I go on a lot of fun trips as part of my job, and friends always ask me what trip has been my favorite. I’ve never been able to narrow it down to one, but I know that way up on the list is any of the fishing trips I’ve shared with Capt. Ponytail Guide Service, and that was solidified last weekend when I joined him and some other anglers on the Roanoke River as part of the Dream Hunting and Fishing Foundation.
The Dream Hunting and Fishing Foundation is a non-profit organization that partners with volunteers to offer outdoor trips to ill or disabled youth that have a hunting or fishing wish. They offer the same services to wounded warriors and to families of fallen first responders. Capt. Ponytail has been guiding fishing trips for the program for several years, and I jumped at the chance to join him last weekend.
Part of the reason I’ve always enjoyed fishing with Capt. Ponytail (336-240-5649) is because Capt. Rod Thomas, (Capt. Ponytail) doesn’t fish one body of water. Instead, he fishes wherever the fishing is typically the best during that time of year. April is the start to some of the hottest striper fishing of the year on the Roanoke River, thanks to the spawning run that takes place year after year in the spring. So that’s where we fished last weekend.
But there’s more to it than the fishing. Last fall, I joined him on a trip with Howell Brown, a 12-year-old with terminal cancer, who wanted to catch a bull redfish after hearing about another kid’s fishing trip. How could anyone not enjoy being a part of such a trip, even if just as a reporter?
The first trip last weekend was with Mark Jenkins of Hertford, N.C. and his family. Jenkins is a wounded warrior who suffers from seizures brought on by severe brain trauma he suffered while serving as a military policeman. His wife Laura, two young sons, and his service dog Scout joined us.
Jenkins’ wish wasn’t to catch a fish. It was to see his oldest son catch a fish. It didn’t take long for that to happen. After casting a bait fish out, Thomas noticed the rod bend, so he pulled it out of the rod holder and let 4-year-old Theodore reel the fish, a 16-inch striper, to the boat. You can already imagine the size of the smile on the child’s face, but his dad had an even bigger one. It got even bigger later in the trip as his youngest son William, just over a year old, played a hand in reeling in another fish.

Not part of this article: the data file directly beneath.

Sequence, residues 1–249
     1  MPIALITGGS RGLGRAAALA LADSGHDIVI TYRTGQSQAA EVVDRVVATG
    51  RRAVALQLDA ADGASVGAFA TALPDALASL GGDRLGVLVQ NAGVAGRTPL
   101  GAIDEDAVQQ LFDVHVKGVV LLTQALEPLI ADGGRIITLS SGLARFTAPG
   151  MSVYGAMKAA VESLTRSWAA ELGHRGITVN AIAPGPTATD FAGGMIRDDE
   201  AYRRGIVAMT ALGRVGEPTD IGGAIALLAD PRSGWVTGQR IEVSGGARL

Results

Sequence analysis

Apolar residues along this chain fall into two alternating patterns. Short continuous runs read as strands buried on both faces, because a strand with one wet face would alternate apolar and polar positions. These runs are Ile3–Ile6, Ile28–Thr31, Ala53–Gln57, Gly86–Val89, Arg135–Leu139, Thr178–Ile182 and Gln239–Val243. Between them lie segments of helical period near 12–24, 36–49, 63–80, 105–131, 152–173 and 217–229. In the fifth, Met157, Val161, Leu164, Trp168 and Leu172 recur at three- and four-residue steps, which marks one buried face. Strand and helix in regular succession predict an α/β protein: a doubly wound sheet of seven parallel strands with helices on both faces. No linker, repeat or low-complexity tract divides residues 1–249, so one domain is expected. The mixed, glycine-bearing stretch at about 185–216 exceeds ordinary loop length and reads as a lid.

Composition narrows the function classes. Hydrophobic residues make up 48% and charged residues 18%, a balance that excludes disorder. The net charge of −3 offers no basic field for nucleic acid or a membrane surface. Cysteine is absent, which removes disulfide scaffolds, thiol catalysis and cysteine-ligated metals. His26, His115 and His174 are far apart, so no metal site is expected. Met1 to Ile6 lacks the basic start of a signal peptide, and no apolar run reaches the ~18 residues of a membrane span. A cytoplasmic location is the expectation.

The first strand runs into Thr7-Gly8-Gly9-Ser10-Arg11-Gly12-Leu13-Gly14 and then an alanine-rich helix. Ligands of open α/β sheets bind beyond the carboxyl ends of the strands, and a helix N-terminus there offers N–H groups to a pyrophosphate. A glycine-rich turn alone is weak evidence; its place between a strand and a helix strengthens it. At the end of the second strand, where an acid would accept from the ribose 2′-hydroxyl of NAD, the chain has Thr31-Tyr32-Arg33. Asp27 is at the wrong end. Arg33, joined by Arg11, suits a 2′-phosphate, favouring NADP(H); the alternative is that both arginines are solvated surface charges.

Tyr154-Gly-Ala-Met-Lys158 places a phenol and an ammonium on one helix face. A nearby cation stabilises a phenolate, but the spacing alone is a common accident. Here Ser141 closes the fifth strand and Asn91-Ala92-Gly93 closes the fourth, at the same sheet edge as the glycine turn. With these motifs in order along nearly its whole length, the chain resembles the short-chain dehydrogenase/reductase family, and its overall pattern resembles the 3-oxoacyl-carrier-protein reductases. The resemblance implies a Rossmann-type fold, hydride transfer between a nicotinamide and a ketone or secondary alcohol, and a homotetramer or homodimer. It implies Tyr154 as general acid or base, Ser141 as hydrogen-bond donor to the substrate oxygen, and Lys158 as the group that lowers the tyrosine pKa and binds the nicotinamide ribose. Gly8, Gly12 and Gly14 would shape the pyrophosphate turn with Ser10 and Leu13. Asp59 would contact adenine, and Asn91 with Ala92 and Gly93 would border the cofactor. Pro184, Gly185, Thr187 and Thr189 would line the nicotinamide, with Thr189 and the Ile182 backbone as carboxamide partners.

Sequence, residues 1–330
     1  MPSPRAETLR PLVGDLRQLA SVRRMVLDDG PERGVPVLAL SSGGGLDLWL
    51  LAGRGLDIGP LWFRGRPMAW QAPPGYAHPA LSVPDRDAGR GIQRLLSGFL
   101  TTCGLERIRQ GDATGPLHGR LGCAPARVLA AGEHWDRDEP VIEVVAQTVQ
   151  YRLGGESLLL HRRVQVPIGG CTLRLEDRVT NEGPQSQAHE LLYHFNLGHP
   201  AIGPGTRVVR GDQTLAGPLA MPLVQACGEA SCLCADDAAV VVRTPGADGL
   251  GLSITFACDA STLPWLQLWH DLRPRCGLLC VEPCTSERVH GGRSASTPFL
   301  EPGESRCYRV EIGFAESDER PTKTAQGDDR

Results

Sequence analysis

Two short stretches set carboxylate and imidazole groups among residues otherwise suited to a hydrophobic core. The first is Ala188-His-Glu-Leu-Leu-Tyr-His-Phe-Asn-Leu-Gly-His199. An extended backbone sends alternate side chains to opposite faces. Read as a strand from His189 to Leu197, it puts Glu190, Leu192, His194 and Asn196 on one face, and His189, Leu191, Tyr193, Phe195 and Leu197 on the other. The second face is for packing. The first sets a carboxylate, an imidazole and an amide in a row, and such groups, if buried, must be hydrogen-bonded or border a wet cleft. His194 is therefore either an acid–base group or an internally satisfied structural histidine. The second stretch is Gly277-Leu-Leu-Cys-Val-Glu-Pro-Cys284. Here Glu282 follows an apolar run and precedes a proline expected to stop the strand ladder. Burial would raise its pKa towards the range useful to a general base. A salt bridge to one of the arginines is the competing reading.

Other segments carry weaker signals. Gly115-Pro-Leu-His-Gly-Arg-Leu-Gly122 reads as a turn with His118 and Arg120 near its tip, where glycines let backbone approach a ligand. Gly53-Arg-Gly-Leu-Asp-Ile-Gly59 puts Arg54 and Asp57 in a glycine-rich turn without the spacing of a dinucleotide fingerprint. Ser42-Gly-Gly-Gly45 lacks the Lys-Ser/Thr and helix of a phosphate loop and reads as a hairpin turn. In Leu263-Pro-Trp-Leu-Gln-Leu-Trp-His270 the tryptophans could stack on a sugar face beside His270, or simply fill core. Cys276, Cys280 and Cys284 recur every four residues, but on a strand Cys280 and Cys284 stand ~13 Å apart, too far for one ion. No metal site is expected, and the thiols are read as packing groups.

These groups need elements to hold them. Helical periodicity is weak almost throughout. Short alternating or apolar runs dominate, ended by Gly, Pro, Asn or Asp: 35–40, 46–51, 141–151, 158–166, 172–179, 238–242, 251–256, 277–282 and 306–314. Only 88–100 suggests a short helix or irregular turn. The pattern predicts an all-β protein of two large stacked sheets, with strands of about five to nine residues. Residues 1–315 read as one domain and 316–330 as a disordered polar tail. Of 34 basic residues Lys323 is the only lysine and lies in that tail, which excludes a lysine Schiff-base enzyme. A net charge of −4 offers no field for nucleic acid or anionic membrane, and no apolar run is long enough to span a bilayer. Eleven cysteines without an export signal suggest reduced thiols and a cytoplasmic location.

In between the fish biting, we listened to Jenkins talk about serving in Iraq and Afghanistan, and to his wife talk about meeting him while he was at Walter Reed Medical Center recovering from his injuries.
The second trip was for Kaylee Rios, an 8-year-old cancer patient. Kaylee has been fighting for her life for the past 6 years after being diagnosed with Stage 4 High Risk Neuroblastoma. She's achieved remission, relapsed, and is currently in her fifth battle and is receiving treatment in New York and Virginia. And all she wanted to do last Saturday was catch a fish. Who wouldn't want to be a part of seeing her do that?
Kaylee was joined by her parents, her 9-year-old sister Rylee, and their friend Ethan Jordan. It was Rylee who caught the first fish, and Ethan reeled in the second. But Kaylee’s rod finally got bit, and after that, all three caught fish in between the regular banter of kids that age.
We didn’t talk about cancer. We fished. And talked about why bananas aren’t allowed on boats, and which of the kids had the biggest Gatorade mustache, about the ospreys which we could see catching fish in the river, and about the remnants of an old train trestle we spotted on the banks of the Roanoke River. And when Kaylee caught a keeper-sized catfish, we talked about its whiskers and where not to touch it to avoid getting stuck by its fins.
And in between all that, we watched the kids reel in fish. Then with time running short, Thomas called “last cast,” and a few minutes later, Kaylee landed the last fish of the day, a striper that was barely too short to keep. But she didn’t mind throwing it back. She knows what it means to fight, and even though she didn’t say it, I’m sure she appreciated the fighting nature of the fish, and her cherry red Gatorade mustache stretched wide as she smiled when it hit the water and disappeared under the surface.
And at least for that day, Kaylee's focus – and that of her parents – was more on enjoying a day on the river than on chemotherapy and the every day struggles they're faced with.
Her parents thanked me for coming. Thomas thanked me for making the drive to join them. And Terry Boyce, who runs the Dream Hunting and Fishing Program thanked me too. But the truth is, I couldn’t possibly thank them enough for allowing me to tag along.
Click here to learn more about the Dream Hunting and Fishing Program, which is accepting applicants and is always happy to receive donations and volunteers.
To find out more about Kaylee and her treatment, click here.